1. Using the 1850 census as a guide, subtract ten years from each family member's age. If the age is zero or less, this person will not appear in the 1840 census. Divide the remaining household members into groups of gender and race and count the number in each group.
  2. Search for the father's name in the 1840 census. If he appears there, then match the ages of the family members with those on the census to determine if this is the correct family. Remember that there may be some extra individuals in the 1840 household including daughters that may have been married by the 1850 census, cousins, parents, and others.
  3. If the father's name does not appear in the 1840 census, and he should have still been married in 1840, the family may be living with a relative or friend. It is helpful to be familiar with nearby relatives with whom they may have lived. If you know their names, search for those relatives (parents and siblings are most common) and see if their household includes males and females matching the age of your family. You may also check against the 1830 census to see if the household contained individuals of the same gender that were ten years younger.

Why can't I find census records later than 1930?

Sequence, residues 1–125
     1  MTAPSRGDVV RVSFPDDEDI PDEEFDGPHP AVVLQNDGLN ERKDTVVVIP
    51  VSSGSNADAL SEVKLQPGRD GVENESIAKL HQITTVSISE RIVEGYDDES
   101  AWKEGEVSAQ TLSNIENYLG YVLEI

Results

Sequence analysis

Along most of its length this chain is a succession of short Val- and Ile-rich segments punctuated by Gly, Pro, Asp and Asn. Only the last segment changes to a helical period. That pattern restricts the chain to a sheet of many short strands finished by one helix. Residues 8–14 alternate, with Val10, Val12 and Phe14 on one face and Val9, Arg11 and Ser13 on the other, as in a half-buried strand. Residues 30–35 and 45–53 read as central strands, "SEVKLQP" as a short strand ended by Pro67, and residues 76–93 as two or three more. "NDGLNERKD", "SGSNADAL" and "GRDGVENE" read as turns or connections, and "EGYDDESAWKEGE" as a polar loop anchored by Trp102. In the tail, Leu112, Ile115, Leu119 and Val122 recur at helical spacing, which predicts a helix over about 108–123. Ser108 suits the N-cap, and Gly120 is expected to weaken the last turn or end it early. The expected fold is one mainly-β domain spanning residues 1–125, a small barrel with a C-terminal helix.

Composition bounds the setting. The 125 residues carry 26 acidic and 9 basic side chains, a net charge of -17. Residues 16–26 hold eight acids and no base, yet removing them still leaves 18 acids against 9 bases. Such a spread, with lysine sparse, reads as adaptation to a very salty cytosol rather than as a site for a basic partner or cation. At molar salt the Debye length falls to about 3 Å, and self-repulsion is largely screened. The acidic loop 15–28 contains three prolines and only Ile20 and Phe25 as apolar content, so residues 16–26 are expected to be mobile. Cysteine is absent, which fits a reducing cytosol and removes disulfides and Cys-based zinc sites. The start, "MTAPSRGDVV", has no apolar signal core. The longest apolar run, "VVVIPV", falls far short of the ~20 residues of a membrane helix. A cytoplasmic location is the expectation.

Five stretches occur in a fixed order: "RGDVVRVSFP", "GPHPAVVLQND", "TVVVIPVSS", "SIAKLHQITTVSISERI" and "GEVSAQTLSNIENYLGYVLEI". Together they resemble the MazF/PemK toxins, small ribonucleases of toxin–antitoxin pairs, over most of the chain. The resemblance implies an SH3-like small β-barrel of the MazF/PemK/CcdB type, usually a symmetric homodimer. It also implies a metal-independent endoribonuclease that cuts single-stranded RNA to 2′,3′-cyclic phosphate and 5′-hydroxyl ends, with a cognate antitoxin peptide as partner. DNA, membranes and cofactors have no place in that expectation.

Census records are protected by privacy laws that only allow public access to records older than 72 years. That means that in 2012, public access will be granted to the 1940 Census. You may request access to any census record (1940-2000) from the Bureau of the Census from if the person requesting the document is the person named in the census record, or is a proven heir or legal representative of that individual.

Why I can't find my ancestor in the census? I know this ancestor lived in the United States during the census years I am searching.

Many ancestors may have used variations of their names, or census takers may have listed the names incorrectly. Additionally, when census records were indexed, those indexing the records may have had difficulty reading the handwriting and may have transcribed an ancestor's name incorrectly. Here are some tips that may help you in your search:

  1. Type only part of the name, or try a shortened version of the name. For Leonard, try Leo. For Margaret, try Peggy or Maggie. Try a middle name or first initial instead of a full first name.
  2. Use the unique first name of a sibling or parent to locate the family. If that doesn't work, try locating a neighbor that showed up in a later census that might have lived nearby ten years earlier.
  3. Search for all individuals of a certain last name within a specific district or county. Statewide might work if the last name is unusual.
  4. Name spellings may change. Sometimes census enumerators (those recording the information) would ask nearby neighbors the names and ages of a family if the family wasn't at home when the enumerator stopped by. Also, illiterate individuals may not have known the correct spellings of their names.
  5. Remember that boundaries of states and counties may have changed between census years. Families may live in the same place, but be listed under a different county. Broaden your search to see if they may appear in a different state or nearby county.

Learn more about the U.S. federal population census at